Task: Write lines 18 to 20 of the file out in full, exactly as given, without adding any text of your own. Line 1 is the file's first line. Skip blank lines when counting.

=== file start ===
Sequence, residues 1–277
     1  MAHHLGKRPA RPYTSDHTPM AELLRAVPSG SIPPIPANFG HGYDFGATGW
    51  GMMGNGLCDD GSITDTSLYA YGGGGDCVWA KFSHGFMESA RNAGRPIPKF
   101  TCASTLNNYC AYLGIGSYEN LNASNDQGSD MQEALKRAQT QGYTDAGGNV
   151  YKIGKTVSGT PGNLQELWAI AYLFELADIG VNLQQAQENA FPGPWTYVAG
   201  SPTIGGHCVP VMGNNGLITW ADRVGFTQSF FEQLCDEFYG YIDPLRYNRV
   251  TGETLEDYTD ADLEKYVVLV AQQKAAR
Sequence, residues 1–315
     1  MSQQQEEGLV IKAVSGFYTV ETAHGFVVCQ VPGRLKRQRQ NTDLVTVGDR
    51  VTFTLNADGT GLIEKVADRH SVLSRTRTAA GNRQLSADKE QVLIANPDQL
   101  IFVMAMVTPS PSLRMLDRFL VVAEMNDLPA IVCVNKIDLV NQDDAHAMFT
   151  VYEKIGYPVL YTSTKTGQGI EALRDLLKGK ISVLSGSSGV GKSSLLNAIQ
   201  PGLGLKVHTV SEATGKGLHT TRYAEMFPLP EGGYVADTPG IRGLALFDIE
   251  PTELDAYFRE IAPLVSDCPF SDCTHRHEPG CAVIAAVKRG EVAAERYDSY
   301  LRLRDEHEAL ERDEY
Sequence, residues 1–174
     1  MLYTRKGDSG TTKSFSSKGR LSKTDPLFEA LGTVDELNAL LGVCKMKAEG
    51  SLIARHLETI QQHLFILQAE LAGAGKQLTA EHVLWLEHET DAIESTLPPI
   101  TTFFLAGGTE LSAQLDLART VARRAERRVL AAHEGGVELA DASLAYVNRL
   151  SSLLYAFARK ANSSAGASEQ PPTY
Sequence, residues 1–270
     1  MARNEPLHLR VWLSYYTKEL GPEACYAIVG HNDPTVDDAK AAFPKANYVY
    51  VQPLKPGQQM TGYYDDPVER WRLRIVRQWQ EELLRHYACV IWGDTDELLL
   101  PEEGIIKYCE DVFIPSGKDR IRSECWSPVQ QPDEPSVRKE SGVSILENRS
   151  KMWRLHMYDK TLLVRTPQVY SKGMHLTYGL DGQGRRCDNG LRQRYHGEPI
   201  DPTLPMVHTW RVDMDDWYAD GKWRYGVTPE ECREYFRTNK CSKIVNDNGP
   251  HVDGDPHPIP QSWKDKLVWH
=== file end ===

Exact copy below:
    51  SLIARHLETI QQHLFILQAE LAGAGKQLTA EHVLWLEHET DAIESTLPPI
   101  TTFFLAGGTE LSAQLDLART VARRAERRVL AAHEGGVELA DASLAYVNRL
   151  SSLLYAFARK ANSSAGASEQ PPTY